Giving Thanks for Hard Things

Thanksgiving is around the corner and some of my Facebook friends have started their annual countdowns. Starting November 1, for every day leading up to Thanksgiving, they state something for which they are grateful. Reading their encouraging posts stirs my own heart to gratitude to God.

For my own part, I can’t seem to stop telling God “thank You” for protecting my son through Hurricane Sandy last week and for bringing him home to Colorado—miraculously, it seemed—to celebrate his birthday, as planned months ago. (Last week’s post, “Selfish Prayers?” gives the background to that story, in case you missed it.) Saying “thank You” to Him for answering those prayers comes naturally and joyfully. And I can imagine Him smiling when He sees how happy I am because of what He did for me.

Saying “thank you” deepens our relationships with others—both with people and with God. When we express gratitude to friends and family for the kind and generous things they do and give, we deepen our relationships with them. It’s no different with God—hearing our thanks makes His heart glad.

But here’s the zinger—God wants us to give thanks “in all circumstances” (1 Thessalonians 5:18, emphasis added). Anyone can be grateful for sweetness and light—but who thinks to say thanks for the ugly, uncomfortable, difficult, or painful things He allows to come our way?

In her New York Times bestseller, One Thousand Gifts, Ann Voscamp talks about awakening to “the strange truth that all new life comes out of the dark places.”  She suggests that “the hard discipline [is] to lean into the ugly and whisper thanks to transform it into beauty . . . to give thanks for all things at all times because He is all good.”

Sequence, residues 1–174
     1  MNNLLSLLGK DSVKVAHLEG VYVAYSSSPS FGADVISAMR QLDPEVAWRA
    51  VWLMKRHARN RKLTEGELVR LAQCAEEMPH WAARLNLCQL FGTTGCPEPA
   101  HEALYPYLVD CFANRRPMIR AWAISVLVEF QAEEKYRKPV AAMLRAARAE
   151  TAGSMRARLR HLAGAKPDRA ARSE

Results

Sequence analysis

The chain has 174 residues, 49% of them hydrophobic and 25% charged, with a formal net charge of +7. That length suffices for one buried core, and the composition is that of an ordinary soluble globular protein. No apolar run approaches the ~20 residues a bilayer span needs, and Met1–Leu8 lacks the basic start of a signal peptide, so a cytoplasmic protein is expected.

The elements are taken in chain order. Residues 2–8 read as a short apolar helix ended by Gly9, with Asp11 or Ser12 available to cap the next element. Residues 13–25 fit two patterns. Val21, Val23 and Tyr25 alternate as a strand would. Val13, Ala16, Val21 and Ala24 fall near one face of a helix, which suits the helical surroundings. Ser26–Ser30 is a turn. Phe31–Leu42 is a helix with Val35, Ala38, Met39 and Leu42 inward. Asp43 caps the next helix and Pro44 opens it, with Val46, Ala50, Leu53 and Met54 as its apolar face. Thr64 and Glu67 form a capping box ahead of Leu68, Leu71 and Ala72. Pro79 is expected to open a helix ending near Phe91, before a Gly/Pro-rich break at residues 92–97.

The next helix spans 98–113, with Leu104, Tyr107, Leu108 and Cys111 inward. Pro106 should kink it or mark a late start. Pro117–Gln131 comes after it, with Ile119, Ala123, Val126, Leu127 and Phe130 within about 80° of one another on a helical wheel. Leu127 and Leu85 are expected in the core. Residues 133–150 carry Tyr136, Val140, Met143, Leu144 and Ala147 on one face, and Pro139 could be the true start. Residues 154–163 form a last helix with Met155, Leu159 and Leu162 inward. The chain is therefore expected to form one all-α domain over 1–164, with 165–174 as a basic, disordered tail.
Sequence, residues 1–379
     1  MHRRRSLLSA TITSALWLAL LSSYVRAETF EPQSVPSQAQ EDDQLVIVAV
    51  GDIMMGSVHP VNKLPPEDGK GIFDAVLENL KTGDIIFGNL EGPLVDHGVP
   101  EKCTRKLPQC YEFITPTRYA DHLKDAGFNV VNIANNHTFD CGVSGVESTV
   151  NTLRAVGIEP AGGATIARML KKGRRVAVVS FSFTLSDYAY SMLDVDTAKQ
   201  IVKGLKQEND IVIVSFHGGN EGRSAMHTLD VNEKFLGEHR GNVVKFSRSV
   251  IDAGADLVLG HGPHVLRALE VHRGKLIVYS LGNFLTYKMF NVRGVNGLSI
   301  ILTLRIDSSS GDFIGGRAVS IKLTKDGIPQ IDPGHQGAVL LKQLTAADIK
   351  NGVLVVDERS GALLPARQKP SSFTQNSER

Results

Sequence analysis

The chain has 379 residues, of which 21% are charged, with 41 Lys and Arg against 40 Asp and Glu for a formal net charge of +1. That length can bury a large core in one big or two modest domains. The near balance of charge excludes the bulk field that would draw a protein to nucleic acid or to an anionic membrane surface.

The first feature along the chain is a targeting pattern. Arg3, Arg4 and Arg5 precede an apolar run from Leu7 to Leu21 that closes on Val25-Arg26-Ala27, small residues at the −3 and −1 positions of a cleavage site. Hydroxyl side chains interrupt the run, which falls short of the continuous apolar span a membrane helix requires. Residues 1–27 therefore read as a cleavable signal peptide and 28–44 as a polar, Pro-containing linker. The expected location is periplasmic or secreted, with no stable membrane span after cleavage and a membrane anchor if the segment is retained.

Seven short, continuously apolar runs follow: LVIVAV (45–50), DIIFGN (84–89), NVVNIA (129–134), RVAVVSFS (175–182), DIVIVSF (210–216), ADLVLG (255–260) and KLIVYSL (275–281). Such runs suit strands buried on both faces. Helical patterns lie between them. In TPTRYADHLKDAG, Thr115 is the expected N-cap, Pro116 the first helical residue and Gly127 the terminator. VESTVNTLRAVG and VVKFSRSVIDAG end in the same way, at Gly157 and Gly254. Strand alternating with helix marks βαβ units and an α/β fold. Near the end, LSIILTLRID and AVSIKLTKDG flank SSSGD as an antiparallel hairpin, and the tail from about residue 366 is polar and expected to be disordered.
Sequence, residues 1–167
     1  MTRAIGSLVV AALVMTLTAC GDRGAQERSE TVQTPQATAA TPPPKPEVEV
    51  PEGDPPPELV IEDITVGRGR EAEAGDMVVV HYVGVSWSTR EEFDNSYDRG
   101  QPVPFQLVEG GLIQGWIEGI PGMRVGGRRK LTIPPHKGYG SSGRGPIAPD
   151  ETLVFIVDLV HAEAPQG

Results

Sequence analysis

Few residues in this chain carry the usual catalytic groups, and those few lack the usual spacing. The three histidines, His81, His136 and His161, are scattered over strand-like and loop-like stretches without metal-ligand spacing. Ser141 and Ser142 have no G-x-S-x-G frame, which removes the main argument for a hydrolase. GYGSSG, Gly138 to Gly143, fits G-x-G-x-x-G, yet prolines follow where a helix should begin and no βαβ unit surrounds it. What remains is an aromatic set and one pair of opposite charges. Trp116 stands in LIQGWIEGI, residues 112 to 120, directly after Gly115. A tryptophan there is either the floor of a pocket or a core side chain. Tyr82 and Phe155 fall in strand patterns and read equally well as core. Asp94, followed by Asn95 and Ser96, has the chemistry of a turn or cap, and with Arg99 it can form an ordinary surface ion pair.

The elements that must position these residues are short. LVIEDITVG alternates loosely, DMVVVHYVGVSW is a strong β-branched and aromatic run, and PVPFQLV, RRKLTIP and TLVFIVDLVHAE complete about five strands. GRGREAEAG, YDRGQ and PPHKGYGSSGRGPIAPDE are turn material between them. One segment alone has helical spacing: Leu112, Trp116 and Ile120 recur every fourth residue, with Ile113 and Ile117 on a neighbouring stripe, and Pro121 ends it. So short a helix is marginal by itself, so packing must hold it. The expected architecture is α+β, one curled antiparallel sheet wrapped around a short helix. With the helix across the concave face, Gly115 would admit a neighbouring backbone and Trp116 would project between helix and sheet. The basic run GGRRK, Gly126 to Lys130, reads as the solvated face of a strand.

I’ve tried saying “thank You” for hard stuff when my heart wasn’t in it. That doesn’t work for me. It feels mechanical and disingenuous. And I’m just not one to boot-lick or apple-polish. If I’m going to say “thank You,” then I need to mean it from my heart—I can’t do it just because I’m supposed to or because I want to act spiritual or curry favor.

I’m learning that thanking God for the hard things is a consummate act of love and trust. To be able to sincerely thank Him for dreams dashed, relationships broken, and hopes deferred is to believe—really, really believethat He works all things together for my good. It means believing in my heart of hearts that He is completely good, kind, and loving. That He never makes mistakes and never acts unjustly. That He lives in me and is wiser and more powerful than the one who lives in the world. That He guards me as the apple of His eye and loves me more than the sparrows He so carefully keeps track of.

I’m not there yet. But as I look back over the hard things He has allowed into my life, I find more and more that I can say “thank You” in hindsight, at least. He has brought much good to me through those difficult experiences. So now, as I think about various disappointments, concerns, frustrations, and fears—the unwelcome intrusions into my life—I am more willing to believe that maybe, just maybe, God will transform them into grace gifts, too. So, Abba, please give me a thankful and trusting heart to believe that You truly are good—all the time—and that these situations I never would have chosen and never would have thought to call “good” are in fact things You are using to transform me and cause me to grow deeper in love with You.

 

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2 thoughts on “Giving Thanks for Hard Things

  1. LAH says:

    You make some really good points, but I think there’s a big difference between thanking God IN all circumstances, and thanking him FOR all circumstances. It’s hard enough to lift up our heads and be grateful for God’s goodness and love when we hurt and he seems far away. It seems a bit masochistic to thank God for things that are truly evil. Hmm… now you’ve got me thinking; I love it when you do that!

    • cbezek says:

      What if our perspective is nearsighted? In hindsight, I can honestly say, “Thank You Jesus for the Cross.” Not sure I could have said it if I were in the crowd on Golgatha. But what men intended for evil, God intended for good. Is it masochistic to thank God for something that He genuinely is using for our good and His glory? Now you’ve got me thinking, too!

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